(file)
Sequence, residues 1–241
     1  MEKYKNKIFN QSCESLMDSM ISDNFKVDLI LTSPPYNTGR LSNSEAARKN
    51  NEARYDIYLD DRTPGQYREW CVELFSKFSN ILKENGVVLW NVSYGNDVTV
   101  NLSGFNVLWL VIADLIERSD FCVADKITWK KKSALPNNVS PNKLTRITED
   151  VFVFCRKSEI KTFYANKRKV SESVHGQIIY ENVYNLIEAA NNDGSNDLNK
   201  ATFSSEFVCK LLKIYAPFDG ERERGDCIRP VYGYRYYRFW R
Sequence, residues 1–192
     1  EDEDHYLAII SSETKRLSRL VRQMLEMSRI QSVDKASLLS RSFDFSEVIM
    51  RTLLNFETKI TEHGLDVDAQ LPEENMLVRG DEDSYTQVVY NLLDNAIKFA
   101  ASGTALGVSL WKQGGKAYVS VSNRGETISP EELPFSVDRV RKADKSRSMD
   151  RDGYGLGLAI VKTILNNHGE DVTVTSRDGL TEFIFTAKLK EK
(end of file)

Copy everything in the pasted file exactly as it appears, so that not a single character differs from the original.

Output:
Sequence, residues 1–241
     1  MEKYKNKIFN QSCESLMDSM ISDNFKVDLI LTSPPYNTGR LSNSEAARKN
    51  NEARYDIYLD DRTPGQYREW CVELFSKFSN ILKENGVVLW NVSYGNDVTV
   101  NLSGFNVLWL VIADLIERSD FCVADKITWK KKSALPNNVS PNKLTRITED
   151  VFVFCRKSEI KTFYANKRKV SESVHGQIIY ENVYNLIEAA NNDGSNDLNK
   201  ATFSSEFVCK LLKIYAPFDG ERERGDCIRP VYGYRYYRFW R
Sequence, residues 1–192
     1  EDEDHYLAII SSETKRLSRL VRQMLEMSRI QSVDKASLLS RSFDFSEVIM
    51  RTLLNFETKI TEHGLDVDAQ LPEENMLVRG DEDSYTQVVY NLLDNAIKFA
   101  ASGTALGVSL WKQGGKAYVS VSNRGETISP EELPFSVDRV RKADKSRSMD
   151  RDGYGLGLAI VKTILNNHGE DVTVTSRDGL TEFIFTAKLK EK